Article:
I’ve been trying to get a udev rule added to Ubuntu so that /dev/infiniband/rdma_cm is owned by group “rdma” instead of by root, so that unprivileged user applications can be given permission to use it by adding the user to the group rdma. This matches the practice in the Debian udev rules and is a simple way to allow unprivileged use of RDMA while still giving the administrator some control over who exactly uses it.
I created a patch to the Ubuntu librdmacm package containing the appropriate rule and opened a Launchpad bug report requesting that it be applied. After two months of waiting, I got a response that basically said, “no, we don’t want to do that.” After another month of asking, I finally found out what solution Ubuntu would rather have:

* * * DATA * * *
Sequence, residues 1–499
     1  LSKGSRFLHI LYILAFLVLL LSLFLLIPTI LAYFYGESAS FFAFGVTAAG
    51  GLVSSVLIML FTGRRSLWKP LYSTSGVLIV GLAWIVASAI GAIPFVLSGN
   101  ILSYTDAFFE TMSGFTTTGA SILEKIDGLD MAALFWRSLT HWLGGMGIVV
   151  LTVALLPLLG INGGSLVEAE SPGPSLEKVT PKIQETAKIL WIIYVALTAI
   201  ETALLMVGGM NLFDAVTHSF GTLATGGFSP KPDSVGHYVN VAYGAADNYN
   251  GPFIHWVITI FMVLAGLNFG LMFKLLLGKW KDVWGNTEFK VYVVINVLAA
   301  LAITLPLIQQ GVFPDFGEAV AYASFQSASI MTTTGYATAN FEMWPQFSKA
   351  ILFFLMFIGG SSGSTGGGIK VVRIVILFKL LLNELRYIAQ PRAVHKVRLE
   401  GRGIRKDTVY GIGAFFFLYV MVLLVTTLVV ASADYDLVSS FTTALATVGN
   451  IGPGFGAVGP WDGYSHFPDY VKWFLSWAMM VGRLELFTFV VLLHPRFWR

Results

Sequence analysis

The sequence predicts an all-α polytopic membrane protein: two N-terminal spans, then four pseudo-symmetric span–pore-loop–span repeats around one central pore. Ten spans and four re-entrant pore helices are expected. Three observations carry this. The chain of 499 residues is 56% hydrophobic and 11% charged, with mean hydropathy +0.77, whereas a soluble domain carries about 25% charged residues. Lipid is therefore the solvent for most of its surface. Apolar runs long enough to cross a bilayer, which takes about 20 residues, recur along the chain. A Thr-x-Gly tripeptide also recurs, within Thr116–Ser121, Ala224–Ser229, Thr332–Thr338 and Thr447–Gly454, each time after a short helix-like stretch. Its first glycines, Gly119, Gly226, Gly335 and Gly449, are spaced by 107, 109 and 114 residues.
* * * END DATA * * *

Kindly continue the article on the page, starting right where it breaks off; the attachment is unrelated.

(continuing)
Access to system devices is provided through the HAL or DeviceKit interface. Permission to access is managed through the PolicyKit layer, where the D-Bus system bus service providing the device access negotiates privilege with the application requesting it.
Because of course, rather than having an application simply open a special device node, mediated by standard Unix permissions, we’d rather have to run a daemon (bonus points for using DBus activation, I guess) and have applications ask that daemon to open the node for them. More work to implement, harder to administer, less reliable for users — everyone wins!